April 15, 2014
Alejandro Escovedo: Rock ‘n’ Roll Storyteller

By James F. Finn

Texas-based singer-songwriter Alejandro Escovedo’s music has been praised by artists such as Bruce Springsteen, Ian Hunter (Lead singer of Mott the Hoople), Melissa Etheridge and John Cale (The Velvet Underground). Yet his catalog is relatively unknown to mainstream listeners. As I stood from the side of the stage at the Fairfield Theatre Company in downtown Fairfield, CT, the predominant age demographic was 40 and up. My brother and I were the only college-aged listeners in the crowd. I have been a fan for years after seeing him at a church in New Canaan, CT, and in an exclusive live radio performance at Sirius XM in New York City.

Mr. Escovedo is 63 years old and has followed his passion through the decades. His musical career began in the 1970’s with the punk rock movement in New York and San Francisco. His band, The Nuns, used to open for British punk act, The Sex Pistols. He released his first solo record in 1992 and has since gone on to make 14 records. The most recent album being, Big Station, released in 2012.

As a performer, Mr. Escovedo seeks intimacy with his audience. He plays with his four-piece band, The Sensitive Boys, at clubs, theatres and festivals throughout America. Mr. Escovedo effectively leverages his life experiences and family history within his music by telling the audience about the thought process and memories that inspired the song.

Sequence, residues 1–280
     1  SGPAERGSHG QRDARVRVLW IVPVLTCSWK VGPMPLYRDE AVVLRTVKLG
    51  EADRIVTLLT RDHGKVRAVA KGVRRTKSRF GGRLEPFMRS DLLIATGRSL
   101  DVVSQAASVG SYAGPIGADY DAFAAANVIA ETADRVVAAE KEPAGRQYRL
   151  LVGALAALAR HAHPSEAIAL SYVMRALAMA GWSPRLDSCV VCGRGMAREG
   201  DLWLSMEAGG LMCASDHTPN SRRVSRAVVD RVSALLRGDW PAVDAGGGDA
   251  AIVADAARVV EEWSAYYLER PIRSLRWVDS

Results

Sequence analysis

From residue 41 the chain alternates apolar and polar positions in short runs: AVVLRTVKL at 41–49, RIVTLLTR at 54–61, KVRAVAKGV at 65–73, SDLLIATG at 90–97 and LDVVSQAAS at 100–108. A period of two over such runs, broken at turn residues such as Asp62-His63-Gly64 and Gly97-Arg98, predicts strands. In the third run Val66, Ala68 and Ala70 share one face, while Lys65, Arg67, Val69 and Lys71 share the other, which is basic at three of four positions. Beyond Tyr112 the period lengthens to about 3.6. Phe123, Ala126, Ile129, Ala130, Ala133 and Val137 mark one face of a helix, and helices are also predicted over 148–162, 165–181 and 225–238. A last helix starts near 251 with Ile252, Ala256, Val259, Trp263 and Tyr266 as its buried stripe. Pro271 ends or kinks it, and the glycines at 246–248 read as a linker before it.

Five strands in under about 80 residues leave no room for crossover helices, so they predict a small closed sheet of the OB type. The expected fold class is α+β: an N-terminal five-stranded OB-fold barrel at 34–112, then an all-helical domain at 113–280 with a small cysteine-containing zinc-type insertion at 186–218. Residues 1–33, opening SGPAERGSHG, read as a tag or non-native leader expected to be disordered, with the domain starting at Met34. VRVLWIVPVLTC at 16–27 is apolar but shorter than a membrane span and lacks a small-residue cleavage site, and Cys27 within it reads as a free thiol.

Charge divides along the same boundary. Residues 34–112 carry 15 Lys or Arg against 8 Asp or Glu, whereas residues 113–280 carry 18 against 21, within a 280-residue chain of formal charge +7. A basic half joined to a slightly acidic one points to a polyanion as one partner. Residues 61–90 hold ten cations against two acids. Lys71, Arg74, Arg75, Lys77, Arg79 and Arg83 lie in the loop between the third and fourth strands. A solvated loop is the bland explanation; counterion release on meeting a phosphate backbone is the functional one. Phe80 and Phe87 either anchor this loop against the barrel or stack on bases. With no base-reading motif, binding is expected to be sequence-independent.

My favorite Alejandro Escovedo song is “Castanets.” In concerts, Mr. Escovedo reflects on a memory about a woman who does not have rhythm. A quick note about this song: In 2005, “Castanets” appeared on the top ten songs on President George W. Bush’s iPod. In protest, Mr. Escovedo refused to play the song until the president had left office (he lifted the moratorium in 2007).

Friedrich Nietzsche wrote, “There is one thing one has to have: either a soul that is cheerful by nature, or a soul made cheerful by work, love, art and knowledge.” Alejandro has it all.

To learn more about Alejandro Escovedo, visit his website or like him on Facebook.

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Filed under: music culture